AI Bildung and the Genealogy of Educational Imaginaries

Lina Rahm   Foto: Privat

Lina Rahm talar på humanistiskt forum vid Jönköping University.

Lina Rahm, lektor vid KTH, presenterar sin forskning om teknikutvecklingen och medborgarnas lärande vid humanistiskt forum den 20 december kl 13. Seminariet hålls på campus i Jönköping, i rum Hc229, men går även att följa digitalt via Zoom:

AI Bildung and the Genealogy of Educational Imaginaries

Lina Rahm, Department of Philosophy and History, The Division of History of Science, Technology and Environment, KTH, Royal Institute of Technology, Stockholm, Sweden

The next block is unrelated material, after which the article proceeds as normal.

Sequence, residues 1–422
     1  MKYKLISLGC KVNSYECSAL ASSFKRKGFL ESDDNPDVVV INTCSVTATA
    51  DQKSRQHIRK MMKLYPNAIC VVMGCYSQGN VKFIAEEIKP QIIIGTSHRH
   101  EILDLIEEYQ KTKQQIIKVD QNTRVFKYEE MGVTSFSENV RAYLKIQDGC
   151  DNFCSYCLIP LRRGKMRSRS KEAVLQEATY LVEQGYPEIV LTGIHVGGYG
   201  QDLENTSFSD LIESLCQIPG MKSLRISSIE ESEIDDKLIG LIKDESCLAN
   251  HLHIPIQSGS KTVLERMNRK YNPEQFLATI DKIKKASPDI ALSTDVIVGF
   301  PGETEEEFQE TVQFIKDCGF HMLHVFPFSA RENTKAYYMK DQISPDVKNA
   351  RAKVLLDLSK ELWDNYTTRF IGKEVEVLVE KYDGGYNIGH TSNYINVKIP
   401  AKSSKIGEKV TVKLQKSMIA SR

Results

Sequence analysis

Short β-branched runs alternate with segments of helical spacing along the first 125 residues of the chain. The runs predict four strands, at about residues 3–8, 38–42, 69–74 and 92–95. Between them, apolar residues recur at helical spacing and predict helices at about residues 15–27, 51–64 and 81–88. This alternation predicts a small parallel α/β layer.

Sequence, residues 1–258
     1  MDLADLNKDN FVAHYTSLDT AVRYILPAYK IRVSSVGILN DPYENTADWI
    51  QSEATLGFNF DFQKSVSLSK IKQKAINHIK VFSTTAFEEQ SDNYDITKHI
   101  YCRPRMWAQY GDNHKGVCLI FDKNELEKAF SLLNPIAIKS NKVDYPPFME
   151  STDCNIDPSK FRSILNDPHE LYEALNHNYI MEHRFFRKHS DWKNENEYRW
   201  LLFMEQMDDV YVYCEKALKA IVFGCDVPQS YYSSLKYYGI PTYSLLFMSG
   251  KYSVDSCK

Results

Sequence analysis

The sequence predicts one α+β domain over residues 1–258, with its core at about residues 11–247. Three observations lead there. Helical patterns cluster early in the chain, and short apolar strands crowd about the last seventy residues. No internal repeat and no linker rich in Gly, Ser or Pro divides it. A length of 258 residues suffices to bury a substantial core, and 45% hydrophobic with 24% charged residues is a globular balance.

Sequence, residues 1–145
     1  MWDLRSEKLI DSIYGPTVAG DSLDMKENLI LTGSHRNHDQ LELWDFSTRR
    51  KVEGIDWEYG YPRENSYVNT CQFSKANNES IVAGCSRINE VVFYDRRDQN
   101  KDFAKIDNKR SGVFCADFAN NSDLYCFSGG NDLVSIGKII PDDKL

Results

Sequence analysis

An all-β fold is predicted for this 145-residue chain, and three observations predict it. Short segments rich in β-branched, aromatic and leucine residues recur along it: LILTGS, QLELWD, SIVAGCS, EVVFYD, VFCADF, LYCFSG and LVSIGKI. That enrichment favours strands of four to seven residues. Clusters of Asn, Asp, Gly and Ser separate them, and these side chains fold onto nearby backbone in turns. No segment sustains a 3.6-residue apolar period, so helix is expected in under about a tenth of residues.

The word Bildung is often seen as difficult to translate into English. Maybe because of its broad roots, going back as far as classic Greek philosophy and the idea of citizen schooling. The metaphor used to describe Bildung is often that of a sculptor’s process of carving out a form from raw material, corresponding to a process of the cultivation and self-formation of man. Bernt Gustavsson (1991) suggests that two key elements have been used to describe Bildung throughout history; on the one hand, a free, infinite process derived from the Greeks; and on the other hand, an image of the ideal human, taken from Christian mysticism (Imago Dei). Bildung then aims to describe a free process in the sense of starting from where we are (and who we are), but has potentially infinite personal development opportunities, where the result can be understood as the ideally educated person in da Vinci’s or Goethe’s sense (Gustavsson, 2013). As such, it is based on the renaissance humanistic idea that humans are free to become anything. When the concept of Bildung was institutionalized in the 19th century, this ideal image of man was transformed into common social goals for popular movements, concerned with democracy, justice, and equality. In the Nordic countries, Bildung gained a strong foothold and great significance. The root of the Nordic Bildung tradition is usually said to be the Dane Grundtvig. He founded the idea of a Folk High School during the phase of the national liberation from Germany in the 1840s. Grundtvig opposed the idea of universalism in the French Enlightenment sense, and instead argued that each nation had its own culture (best understood through its songs, stories, and folk culture). Grundtvig’s main idea was nevertheless the ‘Folk Enlightenment’ (Danish: Folkeoplysning) of the people, or the Bildung of life: young people should have the opportunity to have a free period to seek their way of life and to study issues about themselves and society. However, notions of who the people are, are not neutral but contain inclusion/exclusion processes. As such, Bildung efforts has historically construed and reproduced colonial, gendered and racist, ideas (Dahlstedt & Nordvall, 2011; Österborg Wiklund, 2018; Rydbeck, 2018).